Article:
Q: Do you get to make the most of business travel?

A: No. Usually it’s nothing but work, work, work, it’s a surgical strike and I do it and get out and go back to New York. I did go to Washington, D.C., recently to speak at the Corcoran Gallery and accept an award, and I had a day off there. I thought I’d work from my hotel room, but the internet connection was bad, so I took a tour of the Smithsonian and just enjoyed Washington. It was fantastic. It was the first day in recent memory where I actually got to do something that was in its own way frivolous.

Q: Give us the absolute essentials for a Tim Gunn vacation.

A: Well, I wouldn’t want to sit on a beach. I wouldn’t want to do anything where I would possibly end up in a hospital. That would ruin a vacation. So forget rock climbing and skiing. Scratch those right off the list. Give me any vacation where there are museums, history, good dining and paved roads. Actually, that’s not altogether true. I’d love to go to Angkor Wat, where they’re probably paved with a cobblestone.

Q: That’s an interesting choice. Not many people mention Angkor Wat.

A: That’s true, I guess, but I’m fascinated with ancient cultures. Not that Khmer culture is that ancient, but I’m fascinated by architecture and the decorative arts, and in that culture in particular, it was so powerful and dominant. I’ve seen photos of the temples and carvings and would love to experience it first hand.

Q: I’m sure you have plenty of horror stories from travel. What’s your best one?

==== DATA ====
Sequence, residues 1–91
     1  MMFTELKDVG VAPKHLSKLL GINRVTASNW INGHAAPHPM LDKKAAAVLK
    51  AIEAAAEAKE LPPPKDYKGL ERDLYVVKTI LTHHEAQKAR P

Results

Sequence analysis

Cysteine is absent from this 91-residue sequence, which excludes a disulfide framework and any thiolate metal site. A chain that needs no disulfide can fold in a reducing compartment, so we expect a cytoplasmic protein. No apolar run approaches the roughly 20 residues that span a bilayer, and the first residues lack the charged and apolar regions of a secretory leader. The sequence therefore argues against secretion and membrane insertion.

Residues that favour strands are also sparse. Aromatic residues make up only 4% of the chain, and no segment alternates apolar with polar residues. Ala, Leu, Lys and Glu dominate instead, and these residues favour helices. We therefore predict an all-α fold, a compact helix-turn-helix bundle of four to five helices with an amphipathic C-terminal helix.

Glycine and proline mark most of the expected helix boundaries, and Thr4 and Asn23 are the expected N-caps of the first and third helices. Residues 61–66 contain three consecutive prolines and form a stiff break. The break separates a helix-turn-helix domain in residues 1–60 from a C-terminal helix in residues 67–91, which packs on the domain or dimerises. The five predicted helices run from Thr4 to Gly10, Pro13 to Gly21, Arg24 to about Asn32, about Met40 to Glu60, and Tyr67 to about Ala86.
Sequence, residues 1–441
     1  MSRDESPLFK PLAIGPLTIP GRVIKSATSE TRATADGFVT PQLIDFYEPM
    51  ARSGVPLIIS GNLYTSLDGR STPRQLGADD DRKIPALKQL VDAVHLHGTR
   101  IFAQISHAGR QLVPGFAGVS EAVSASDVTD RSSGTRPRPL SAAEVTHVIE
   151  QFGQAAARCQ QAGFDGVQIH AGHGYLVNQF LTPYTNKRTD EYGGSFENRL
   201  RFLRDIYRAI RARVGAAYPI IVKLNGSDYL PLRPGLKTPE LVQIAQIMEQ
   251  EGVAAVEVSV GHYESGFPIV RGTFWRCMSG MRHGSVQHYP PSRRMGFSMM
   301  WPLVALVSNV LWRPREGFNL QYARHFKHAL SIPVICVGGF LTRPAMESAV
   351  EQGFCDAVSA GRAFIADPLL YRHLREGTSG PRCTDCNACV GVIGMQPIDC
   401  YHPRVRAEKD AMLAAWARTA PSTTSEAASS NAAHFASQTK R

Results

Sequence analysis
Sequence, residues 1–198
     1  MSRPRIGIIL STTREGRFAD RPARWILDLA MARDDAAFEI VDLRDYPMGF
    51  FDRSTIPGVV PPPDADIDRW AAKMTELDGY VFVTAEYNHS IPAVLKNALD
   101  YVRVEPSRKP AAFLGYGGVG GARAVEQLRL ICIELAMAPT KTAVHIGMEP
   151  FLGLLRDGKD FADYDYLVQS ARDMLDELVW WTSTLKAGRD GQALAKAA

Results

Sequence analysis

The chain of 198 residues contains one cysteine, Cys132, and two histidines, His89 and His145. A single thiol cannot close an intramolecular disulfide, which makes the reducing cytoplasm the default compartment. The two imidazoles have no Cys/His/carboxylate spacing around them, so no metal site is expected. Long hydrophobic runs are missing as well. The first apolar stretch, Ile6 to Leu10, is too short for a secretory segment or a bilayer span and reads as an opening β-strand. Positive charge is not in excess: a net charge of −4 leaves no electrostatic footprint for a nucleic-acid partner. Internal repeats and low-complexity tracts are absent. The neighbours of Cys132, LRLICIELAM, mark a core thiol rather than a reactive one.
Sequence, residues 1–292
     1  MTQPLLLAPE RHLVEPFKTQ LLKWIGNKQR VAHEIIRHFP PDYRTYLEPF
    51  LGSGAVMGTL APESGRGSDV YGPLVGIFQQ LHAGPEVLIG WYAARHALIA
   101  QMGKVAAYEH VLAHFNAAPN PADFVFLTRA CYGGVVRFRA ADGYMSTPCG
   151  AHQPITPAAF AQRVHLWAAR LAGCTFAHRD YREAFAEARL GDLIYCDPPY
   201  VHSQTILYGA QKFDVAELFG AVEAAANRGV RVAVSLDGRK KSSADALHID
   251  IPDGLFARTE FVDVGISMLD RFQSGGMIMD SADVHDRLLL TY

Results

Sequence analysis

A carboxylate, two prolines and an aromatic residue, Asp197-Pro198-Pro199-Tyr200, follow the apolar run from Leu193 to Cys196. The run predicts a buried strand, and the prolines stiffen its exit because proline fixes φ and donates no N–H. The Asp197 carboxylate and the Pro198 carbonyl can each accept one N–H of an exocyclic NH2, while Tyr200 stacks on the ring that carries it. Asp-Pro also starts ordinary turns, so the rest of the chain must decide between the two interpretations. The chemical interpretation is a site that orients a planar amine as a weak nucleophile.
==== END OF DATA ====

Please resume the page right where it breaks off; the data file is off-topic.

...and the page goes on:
A: I do have a lot. I spent a lot of time in Japan developing an academic program at Parsons in Kanazawa on the Sea of Japan. It’s a big seafood place, and I was with the dean of Parsons at the time and our hosts were incredibly generous and thoughtful people who asked the dean whether he wanted to eat dinner at a seafood or beef restaurant. Given where we were, he said seafood. So we’re being served, and a very large, flat fish came out. The meat on it had been flayed so you could take chopsticks and pick it off the fish. Just after it was served, the person presenting it took an eye dropper that we were told had sake in it and put it in the fish’s mouth. Well, the fish began to writhe and it was so startling and so unappetizing that I turned to the dean and said, “Well, thank God you didn’t suggest the beef restaurant.”

Q: Sounds disgusting, so here’s a subject change. What’s your dream destination?

A: I’d love to go down the Nile and see the Pyramids and monuments of ancient Egypt. That’s something I’ve never done. A safari in Africa has zero appeal to me. Nature, the Jeep, the pith helmet and the heat? Uh, not for me. I can see the elephants, lions and tigers at the zoo. It sounds horrible and I shouldn’t say these things to you, but it doesn’t appeal to me. But I’d also love to visit the Great Wall of China and certainly climb it and go up to it and walk as much of it as permitted. And the Forbidden City. I’d love to go to China, I think. Even despite all the pollution. It’s man’s impact on our world that appeals to me more than just nature running wild.

Q: You probably get enough of that in the “Project Runway” workroom.

A: You’re absolutely correct. There’s plenty of it, and it’s all unbridled. Especially Season 4.